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Canadian Author Jean Little
The Sweetest one of all PDF Print E-mail
Monday, 14 July 2008 09:37

J

ean Little’s most recent book, The Sweetest one of all, is a picture book for very young children and their parents. In it, barnyard animal babies ask their mothers who they are and each of them is told that he or she is the sweetest one of all. The book ends with a human mother telling her little one the same thing. And getting a loving hug in response. The playful text should continue to delight both children and adults even after many readings.

The colourful illustrations by Marisol Sarrazin are endearing and filled with lively detail. Each will hold small readers spellbound.

 
Jean Little PDF Print E-mail

J

ean Little is recognized throughout Canada and the United States for her candid and unsentimental portrayals of adolescent life. Once a teacher of handicapped children, Little herself is only partially sighted, and she uses much of her real-life experience as the basis for her books.
Last Updated on Monday, 14 July 2008 19:21
 
I Gave Mom a Castle

I Gave Mom a Castle

Poetry, Orca, 2003, 80 Pages

Bad Guys

''I'm tired of telling Batman stories,'' I told my little brother.
''Just this once, can I tell you The Three Little Pigs?''

''No,'' he snapped.
''There's no bad guys in it.
I like bad guys.''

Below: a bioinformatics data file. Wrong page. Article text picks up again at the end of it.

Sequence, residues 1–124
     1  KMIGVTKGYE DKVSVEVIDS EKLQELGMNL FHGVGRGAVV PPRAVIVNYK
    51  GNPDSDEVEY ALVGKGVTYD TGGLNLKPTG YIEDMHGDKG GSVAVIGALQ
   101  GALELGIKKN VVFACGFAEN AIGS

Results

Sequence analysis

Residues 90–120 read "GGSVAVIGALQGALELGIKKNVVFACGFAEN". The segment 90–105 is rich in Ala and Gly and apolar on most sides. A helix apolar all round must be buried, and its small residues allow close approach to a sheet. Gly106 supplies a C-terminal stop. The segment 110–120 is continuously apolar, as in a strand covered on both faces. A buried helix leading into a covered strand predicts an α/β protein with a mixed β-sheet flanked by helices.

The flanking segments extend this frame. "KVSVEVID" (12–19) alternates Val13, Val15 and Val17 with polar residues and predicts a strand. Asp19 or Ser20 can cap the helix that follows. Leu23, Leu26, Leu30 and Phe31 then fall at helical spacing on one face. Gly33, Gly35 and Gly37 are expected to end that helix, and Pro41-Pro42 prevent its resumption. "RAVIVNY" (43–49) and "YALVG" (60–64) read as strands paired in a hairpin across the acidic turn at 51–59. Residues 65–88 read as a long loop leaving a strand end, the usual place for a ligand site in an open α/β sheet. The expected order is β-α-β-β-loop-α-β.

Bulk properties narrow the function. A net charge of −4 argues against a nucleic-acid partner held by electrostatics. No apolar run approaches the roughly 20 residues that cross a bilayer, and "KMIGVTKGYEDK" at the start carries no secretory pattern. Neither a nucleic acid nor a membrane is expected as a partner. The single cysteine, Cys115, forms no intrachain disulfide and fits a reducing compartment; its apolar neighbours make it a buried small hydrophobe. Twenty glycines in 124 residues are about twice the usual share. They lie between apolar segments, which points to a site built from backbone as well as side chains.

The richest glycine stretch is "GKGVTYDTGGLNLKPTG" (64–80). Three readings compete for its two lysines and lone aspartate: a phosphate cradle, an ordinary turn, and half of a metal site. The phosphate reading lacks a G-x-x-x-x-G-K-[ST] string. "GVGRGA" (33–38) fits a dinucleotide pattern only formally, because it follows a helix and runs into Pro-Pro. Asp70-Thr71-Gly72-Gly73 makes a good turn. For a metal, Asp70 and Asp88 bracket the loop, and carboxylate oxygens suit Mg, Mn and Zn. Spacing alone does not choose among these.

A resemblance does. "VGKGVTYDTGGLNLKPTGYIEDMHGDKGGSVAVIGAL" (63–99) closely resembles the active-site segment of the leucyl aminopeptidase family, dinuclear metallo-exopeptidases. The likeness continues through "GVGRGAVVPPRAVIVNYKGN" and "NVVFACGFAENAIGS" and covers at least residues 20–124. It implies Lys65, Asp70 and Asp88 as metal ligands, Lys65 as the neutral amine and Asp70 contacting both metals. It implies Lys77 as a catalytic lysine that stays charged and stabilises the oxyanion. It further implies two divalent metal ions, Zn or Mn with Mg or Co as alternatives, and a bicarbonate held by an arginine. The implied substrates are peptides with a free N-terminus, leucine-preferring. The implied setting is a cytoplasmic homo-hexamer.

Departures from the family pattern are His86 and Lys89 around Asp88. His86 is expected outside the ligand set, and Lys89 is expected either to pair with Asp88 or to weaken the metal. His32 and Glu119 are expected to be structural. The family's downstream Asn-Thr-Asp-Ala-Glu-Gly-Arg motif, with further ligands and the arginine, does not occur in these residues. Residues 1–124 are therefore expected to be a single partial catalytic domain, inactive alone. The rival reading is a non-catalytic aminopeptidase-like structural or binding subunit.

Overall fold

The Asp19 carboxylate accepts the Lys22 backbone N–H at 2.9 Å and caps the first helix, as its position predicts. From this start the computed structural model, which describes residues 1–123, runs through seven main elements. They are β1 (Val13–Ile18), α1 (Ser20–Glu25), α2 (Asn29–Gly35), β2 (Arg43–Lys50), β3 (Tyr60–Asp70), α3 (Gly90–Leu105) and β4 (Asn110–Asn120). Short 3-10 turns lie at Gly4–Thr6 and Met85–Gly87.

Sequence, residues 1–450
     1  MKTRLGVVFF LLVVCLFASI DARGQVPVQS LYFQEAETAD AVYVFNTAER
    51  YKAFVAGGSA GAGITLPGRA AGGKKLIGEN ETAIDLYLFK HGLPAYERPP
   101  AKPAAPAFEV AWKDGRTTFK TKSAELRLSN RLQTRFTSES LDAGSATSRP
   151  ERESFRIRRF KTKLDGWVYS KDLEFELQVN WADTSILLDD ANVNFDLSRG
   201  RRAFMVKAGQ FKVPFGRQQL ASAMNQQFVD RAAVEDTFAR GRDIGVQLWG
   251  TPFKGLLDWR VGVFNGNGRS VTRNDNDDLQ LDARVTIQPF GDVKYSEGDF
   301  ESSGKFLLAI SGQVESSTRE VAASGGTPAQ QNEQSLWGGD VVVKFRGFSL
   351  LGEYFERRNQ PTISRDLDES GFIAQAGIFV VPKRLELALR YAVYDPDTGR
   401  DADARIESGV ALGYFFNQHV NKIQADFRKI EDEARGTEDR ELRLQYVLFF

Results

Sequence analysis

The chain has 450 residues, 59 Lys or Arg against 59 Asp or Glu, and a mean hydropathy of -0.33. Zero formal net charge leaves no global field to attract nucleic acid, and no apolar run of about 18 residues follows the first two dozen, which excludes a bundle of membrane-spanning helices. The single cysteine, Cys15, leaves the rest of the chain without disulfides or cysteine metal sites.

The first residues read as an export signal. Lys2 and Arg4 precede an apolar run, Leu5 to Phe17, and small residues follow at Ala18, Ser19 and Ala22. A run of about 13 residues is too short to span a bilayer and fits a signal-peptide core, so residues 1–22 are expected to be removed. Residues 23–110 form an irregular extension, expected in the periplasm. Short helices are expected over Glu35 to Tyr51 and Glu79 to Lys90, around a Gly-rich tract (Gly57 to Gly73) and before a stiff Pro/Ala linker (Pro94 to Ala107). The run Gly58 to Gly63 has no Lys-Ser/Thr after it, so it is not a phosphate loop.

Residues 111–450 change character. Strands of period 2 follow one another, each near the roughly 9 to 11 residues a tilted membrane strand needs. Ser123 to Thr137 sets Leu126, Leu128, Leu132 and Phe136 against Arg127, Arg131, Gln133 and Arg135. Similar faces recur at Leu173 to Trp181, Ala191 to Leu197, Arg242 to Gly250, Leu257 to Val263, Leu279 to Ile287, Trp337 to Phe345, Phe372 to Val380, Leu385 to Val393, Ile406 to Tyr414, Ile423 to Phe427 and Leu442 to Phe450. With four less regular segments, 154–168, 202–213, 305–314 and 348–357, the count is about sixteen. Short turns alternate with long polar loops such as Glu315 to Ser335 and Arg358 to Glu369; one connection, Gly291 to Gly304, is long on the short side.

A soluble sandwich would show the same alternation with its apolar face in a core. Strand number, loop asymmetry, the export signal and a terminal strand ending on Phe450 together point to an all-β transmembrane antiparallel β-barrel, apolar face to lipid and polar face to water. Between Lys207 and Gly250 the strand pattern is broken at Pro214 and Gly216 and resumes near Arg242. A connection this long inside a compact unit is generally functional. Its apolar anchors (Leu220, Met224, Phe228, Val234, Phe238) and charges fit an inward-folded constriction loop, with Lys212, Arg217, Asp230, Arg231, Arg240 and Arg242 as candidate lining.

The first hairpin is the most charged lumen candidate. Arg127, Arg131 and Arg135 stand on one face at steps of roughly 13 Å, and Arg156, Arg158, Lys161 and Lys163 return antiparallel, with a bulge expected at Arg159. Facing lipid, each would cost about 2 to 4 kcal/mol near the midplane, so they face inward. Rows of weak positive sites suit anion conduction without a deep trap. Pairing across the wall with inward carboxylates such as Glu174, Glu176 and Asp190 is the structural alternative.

So much for you, Big Bad Wolf.

I Gave My Mom a Castle is a collection of poems about giving and receiving. This is Jean Little's first poetry collection since the still-beloved Hey World, Here I Am! was published fifteen years ago. Most are prose poems, mini stories, told by a wide cast of characters from toddlers to teens with an adult or two thrown in for good measure.

Jean Little knows the joys and pains of growing up in the twenty-first century. She writes about being a foster child, being ignored or controlled by a parent, being the eldest, being the youngest, being hurt - or helped - by a teacher, teaching a parrot to speak, all with love, humor and depth of perception.

Kady MacDonald Denton has won many awards for her illustrations. When presented with Jean Little's poems, she could not resist illustrating I Gave My Mom a Castle. Her sketches seem ready to jump off the page. They are a great pleasure to contemplate all on their own and perfectly complement Jean Little's writing.

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